About the shooting

I shot this photo as an bracketed shot. I shot it hand held at ISO 1600 on my Nikon D600. I wasn’t prepared for shooting any photos this evening and had not brought the tripod. However I managed to get some decent shots hand held and by working with the noise reduction, I get a decent result. Not the same quality, as if I had used a tripod.

I have found out, that when I shoot single exposures using both the Nikon D600 and Nikon D800 I need to set the exposure compensation to -2/3 EV step. This will in most cases give me an image that is slightly under exposed but with no burned out areas.

This was the setting my camera had when I went to the beach, and when I activated bracketed -2, 0 and +2, it will also get adjusted by the -2/3 of an exposure step. This gives odd exposures -2 2/3, -2/3 and +1 1/3

This photo I used for this one ended up being the +1 1/3 exposure. It is very bright, but has got almost no burned out high lights. If you look at the histogram you can see the information is spread all across, and all of the histogram to the right is used. For some reason you can keep more information in the right hand side of the histogram, than in the left hand (and dark side), so if you exposure to use the right hand side, you get more information in your photo and in this case less noise. This is called Expose To The Right (ETTR). In this case I can use the overexposed with a good result.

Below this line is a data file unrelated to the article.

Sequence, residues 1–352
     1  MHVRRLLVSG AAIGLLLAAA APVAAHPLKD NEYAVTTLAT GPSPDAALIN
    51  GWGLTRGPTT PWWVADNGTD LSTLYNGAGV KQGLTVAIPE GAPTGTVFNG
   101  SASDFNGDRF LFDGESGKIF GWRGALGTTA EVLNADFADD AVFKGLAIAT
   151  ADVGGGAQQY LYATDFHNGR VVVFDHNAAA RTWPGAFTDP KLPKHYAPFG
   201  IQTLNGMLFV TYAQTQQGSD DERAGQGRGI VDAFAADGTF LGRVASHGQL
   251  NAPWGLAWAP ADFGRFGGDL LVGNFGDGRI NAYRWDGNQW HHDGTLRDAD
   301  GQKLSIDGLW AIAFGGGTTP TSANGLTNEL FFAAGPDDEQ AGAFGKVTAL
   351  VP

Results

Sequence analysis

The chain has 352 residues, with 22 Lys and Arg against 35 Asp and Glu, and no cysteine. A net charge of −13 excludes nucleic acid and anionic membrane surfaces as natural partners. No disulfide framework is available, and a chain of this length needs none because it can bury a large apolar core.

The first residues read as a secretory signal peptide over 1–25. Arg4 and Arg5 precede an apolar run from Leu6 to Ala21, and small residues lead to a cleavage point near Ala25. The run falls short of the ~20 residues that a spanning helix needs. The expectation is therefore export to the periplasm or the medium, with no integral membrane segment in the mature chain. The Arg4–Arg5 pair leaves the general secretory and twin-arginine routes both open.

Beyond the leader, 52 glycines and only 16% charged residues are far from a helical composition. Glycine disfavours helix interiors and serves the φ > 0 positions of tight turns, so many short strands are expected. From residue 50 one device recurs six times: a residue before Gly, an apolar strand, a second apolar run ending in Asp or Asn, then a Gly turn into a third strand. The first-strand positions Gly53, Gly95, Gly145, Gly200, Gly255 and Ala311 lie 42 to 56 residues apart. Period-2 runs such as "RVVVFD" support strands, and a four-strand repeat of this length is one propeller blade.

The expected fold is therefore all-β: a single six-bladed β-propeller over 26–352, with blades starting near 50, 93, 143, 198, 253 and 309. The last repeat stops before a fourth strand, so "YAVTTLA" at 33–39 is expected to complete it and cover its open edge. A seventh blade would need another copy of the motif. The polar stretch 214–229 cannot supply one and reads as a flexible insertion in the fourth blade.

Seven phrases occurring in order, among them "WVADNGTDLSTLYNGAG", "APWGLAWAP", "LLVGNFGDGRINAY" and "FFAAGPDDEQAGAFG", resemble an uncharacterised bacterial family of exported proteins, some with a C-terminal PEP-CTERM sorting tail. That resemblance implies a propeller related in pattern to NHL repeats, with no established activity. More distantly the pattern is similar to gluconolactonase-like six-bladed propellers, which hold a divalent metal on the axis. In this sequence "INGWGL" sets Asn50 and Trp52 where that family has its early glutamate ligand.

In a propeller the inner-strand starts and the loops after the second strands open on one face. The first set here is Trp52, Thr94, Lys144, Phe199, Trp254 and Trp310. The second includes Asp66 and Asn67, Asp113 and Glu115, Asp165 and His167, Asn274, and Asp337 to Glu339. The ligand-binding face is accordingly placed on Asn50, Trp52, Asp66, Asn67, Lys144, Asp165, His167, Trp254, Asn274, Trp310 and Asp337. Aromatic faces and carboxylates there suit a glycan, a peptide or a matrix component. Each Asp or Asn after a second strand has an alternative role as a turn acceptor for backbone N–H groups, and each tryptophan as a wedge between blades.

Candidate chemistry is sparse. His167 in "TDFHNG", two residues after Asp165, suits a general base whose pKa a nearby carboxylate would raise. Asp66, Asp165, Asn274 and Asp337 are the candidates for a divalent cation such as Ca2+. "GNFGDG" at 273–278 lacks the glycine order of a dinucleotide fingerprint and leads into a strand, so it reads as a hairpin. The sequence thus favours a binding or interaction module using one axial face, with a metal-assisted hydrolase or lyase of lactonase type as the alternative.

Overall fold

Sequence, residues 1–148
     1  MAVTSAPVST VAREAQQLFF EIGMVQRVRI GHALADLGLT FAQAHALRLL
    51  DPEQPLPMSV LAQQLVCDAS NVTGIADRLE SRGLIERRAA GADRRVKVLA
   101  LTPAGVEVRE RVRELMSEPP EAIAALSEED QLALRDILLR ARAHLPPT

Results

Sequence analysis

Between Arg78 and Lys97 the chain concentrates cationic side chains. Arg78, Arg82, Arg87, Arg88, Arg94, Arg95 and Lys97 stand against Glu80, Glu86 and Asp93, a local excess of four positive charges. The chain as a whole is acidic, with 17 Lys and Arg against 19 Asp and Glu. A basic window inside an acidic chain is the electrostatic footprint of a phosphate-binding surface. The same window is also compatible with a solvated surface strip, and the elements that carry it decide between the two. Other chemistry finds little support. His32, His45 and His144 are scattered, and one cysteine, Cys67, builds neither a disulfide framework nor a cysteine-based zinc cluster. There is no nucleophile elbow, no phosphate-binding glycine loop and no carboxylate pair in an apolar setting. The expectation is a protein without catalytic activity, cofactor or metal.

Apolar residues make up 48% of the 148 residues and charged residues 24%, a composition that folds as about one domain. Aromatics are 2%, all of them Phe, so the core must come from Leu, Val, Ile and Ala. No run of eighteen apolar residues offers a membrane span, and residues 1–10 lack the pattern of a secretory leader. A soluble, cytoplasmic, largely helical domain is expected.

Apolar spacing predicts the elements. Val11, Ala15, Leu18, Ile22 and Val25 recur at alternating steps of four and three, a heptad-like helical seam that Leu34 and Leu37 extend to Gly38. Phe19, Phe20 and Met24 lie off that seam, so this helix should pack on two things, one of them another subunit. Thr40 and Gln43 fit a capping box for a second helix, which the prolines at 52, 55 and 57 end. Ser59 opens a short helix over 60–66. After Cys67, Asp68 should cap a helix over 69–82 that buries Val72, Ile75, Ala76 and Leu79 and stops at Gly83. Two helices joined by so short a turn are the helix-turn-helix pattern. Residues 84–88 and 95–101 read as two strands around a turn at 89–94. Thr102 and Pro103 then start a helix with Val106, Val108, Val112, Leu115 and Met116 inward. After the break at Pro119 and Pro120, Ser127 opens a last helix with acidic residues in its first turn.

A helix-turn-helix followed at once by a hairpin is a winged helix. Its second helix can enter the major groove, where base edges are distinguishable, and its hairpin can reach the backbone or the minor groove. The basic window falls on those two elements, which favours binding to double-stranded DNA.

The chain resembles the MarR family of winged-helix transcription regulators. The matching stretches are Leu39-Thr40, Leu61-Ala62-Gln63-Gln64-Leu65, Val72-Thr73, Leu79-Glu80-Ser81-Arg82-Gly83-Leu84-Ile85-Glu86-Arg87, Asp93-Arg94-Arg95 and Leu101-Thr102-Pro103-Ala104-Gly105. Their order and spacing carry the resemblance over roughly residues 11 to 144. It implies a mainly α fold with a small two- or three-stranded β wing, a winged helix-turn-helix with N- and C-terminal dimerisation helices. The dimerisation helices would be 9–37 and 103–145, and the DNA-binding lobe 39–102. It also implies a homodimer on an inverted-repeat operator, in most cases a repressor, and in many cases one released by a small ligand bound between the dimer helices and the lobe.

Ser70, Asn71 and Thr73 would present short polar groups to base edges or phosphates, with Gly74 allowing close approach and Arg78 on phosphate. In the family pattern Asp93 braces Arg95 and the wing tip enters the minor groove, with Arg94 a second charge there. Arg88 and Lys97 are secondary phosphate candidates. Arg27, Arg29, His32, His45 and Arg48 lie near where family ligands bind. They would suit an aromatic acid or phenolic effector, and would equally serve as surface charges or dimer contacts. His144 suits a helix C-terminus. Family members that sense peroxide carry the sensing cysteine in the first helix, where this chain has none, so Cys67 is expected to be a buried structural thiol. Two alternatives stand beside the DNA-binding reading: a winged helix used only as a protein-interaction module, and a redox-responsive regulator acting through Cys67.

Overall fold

Juno beach - histogram


To get the look and feel I adjusted the White Balance to Daylight, even though it was not day light. That gives the warm bluish purple mood of the clouds. And then I changed the exposure compensation in Lightroom to -2 – which brought me to -2/3, which I normally shoot in.

I then exported to Photoshop to do straightening up and noise reduction. I used Noiseware for noise reduction.